Three Quiet and Healing Films to Watch

1.) THE TABLE (2018)

Conversations between two people of varying relationships. The Table is just that, a film set inside a cafe, in one particular spot where different people have  a sitdown talk throughout the day. It features four different pairs, each conversation an exploration of their relationship. We see a glimpse of a certain moment in these people’s lives. The film is subtle but it draws you in with a very well-written script that is equally well executed by its actors. The film also shows shots of coffee and other drinks being prepared. It has a meditative quality as if we are there to witness and ponder about our own lives and the similar instances that may seem too simple or fleeting but are actually very beautiful and meaningful. This film left me remembering about the quiet moments in my life, the littlest things. Like how one particular coffee drinker had a box of tea sitting in his cupboard just for me and how that moment has stayed with me.



A Korean film produced in 2018, based on the slice of life Japanese Manga by Igarashi Daisuke. It’s a story about a girl who leaves the city to go back to her childhood home in the province after failing to pass her licensing exams. Her decision to leave places a strain on her relationship, and she mulls the disintegration of her romantic entanglements. Meanwhile, the house sits empty with the departure of her mother to somewhere unknown. She spends her days planting crops, visiting her friends and creating dishes her mother used to make.  In a way she has created a sanctuary for herself as she licks her wounds and process where she is at life.   Little Forest also has a Japanese Live Action version. The two films each have their own charm. And you can really see the difference and strengths that lie in each national cinema. The South Korean formula has perfected the streamlined narrative- elements of romance, coming of age, a polished visual aesthetic that fits the taste of viewers. Whilst the Japanese version keeps it more natural and raw, the kitchen scenes and farm scenes seem to be barely touched by any production design, true to the philosophy of wabi- sabi. It focuses more on the character’s position in relation to nature, and her roles and relationships with the elders in the community, as well as the farming community itself.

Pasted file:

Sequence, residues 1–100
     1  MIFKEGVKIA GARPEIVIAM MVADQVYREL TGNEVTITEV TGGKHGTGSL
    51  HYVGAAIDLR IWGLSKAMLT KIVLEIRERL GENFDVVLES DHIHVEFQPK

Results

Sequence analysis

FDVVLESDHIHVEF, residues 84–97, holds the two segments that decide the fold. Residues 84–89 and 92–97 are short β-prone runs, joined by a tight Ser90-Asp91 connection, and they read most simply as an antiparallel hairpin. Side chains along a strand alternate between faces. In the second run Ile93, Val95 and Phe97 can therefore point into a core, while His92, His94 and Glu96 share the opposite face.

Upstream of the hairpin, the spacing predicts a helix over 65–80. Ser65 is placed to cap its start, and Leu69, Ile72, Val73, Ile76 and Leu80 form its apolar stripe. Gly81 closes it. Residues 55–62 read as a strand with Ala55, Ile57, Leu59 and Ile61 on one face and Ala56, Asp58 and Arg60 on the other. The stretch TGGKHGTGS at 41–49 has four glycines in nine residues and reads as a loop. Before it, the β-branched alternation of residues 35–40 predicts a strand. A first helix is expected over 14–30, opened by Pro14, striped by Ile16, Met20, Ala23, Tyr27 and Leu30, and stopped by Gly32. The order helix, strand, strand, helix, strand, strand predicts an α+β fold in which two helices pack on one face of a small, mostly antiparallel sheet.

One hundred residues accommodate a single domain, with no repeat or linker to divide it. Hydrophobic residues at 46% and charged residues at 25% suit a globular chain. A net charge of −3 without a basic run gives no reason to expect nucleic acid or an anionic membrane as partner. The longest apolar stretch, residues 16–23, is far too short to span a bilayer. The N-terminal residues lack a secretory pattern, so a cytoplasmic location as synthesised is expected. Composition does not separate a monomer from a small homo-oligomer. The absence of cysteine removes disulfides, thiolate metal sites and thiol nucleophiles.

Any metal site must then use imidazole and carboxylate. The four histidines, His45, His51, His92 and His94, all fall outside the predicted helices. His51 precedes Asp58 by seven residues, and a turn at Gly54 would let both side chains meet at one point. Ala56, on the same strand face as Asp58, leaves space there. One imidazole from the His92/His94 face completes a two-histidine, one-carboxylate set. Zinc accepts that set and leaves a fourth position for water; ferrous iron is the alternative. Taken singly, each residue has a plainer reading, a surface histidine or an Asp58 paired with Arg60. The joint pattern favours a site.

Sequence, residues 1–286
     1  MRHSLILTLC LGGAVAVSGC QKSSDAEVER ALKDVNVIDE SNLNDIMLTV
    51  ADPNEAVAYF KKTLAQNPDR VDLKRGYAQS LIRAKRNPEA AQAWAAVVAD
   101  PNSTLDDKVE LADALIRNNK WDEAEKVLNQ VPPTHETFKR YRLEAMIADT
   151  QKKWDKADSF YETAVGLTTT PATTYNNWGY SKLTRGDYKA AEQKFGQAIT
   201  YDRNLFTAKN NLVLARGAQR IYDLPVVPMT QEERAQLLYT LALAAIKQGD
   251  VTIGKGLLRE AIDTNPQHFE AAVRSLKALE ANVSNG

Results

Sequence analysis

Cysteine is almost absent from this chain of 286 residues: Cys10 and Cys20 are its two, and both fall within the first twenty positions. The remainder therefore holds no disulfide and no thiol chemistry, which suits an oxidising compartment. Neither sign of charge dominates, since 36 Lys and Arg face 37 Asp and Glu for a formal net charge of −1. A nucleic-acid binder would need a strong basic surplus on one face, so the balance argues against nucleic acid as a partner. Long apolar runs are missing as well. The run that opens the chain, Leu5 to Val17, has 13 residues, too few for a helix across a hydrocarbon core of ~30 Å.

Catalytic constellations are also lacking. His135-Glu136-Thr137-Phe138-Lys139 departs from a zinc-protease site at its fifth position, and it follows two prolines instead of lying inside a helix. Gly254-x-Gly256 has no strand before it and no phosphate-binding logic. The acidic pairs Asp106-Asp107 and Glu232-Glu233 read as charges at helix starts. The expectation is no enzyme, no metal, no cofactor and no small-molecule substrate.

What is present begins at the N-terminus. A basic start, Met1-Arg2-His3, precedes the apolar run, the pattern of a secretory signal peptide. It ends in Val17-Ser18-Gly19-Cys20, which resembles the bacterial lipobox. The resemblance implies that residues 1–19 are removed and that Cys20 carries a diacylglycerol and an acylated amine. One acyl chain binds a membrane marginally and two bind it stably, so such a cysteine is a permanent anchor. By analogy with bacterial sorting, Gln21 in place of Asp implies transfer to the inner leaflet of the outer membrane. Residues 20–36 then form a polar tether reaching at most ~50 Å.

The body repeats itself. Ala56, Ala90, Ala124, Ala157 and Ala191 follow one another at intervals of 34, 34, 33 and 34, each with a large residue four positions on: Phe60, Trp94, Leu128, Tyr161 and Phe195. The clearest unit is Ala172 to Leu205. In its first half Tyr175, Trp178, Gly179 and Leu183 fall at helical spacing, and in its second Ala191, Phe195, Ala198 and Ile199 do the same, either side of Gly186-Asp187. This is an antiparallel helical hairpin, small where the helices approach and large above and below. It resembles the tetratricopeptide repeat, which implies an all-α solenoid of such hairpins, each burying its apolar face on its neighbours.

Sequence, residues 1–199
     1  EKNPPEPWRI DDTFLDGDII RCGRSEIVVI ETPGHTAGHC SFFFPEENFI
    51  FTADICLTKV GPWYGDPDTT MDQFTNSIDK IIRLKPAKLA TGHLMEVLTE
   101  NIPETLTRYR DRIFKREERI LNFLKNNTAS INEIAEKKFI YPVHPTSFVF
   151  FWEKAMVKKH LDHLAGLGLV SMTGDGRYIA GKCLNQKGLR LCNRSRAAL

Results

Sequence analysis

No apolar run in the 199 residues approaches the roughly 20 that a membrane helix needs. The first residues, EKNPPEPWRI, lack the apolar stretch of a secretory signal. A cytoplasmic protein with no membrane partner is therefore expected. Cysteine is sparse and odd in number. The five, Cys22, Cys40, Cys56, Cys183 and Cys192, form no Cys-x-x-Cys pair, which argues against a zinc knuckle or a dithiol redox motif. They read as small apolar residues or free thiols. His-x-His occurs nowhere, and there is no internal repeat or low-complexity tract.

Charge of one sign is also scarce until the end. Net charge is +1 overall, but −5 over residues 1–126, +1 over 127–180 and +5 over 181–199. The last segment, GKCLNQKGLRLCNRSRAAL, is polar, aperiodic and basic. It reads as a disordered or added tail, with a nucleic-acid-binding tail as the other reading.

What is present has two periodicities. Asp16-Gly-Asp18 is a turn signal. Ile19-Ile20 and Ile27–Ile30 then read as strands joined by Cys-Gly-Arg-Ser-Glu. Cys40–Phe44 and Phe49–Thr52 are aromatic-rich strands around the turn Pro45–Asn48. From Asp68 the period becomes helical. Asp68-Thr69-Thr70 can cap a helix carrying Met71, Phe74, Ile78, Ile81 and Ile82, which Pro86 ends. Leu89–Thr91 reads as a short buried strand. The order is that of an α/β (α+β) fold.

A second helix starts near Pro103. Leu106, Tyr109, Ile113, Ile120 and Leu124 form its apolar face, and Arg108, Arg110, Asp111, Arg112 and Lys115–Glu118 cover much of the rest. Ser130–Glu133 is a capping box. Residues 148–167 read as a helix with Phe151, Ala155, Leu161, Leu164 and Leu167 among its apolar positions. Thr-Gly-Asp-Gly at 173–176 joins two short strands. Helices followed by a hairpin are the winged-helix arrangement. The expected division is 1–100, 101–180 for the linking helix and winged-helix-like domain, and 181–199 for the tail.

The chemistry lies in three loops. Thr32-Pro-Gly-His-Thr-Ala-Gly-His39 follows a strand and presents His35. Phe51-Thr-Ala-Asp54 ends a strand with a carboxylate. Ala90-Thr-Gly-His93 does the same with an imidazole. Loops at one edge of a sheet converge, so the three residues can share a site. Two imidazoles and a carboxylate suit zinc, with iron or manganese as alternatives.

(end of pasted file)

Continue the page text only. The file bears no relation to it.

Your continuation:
For myself, it’s hard to find that kind of quietness and grace living in the city, and there is no house in the forest I can runaway to, nevermind that I also have nary an idea on farming- so I’ve proceeded to create my own “little forest” in the city, carefully curating and choosing experiences and activities that nourish my soul.



The Japanese version is a two-part live action series separating four seasons into groups of two. Hence, the film is a more immersive experience in the lives of rural folks. It not only focuses on the cooking, but it soaks into the seasons and the lives that harmoniously move along with time. Farming traditions, community involvement, relationships and the self are all given ample screen time. The film has an almost meditative quality to it. While the Korean version was a satisfying narrative with a clean storyline, the Japanese version is more of a mood film where we steep into the energy of each season. I highly suggest watching both versions as they are both very different but lovely at the same time. While I enjoyed the Korean version, in the long run I found myself liking the Japanese version more.


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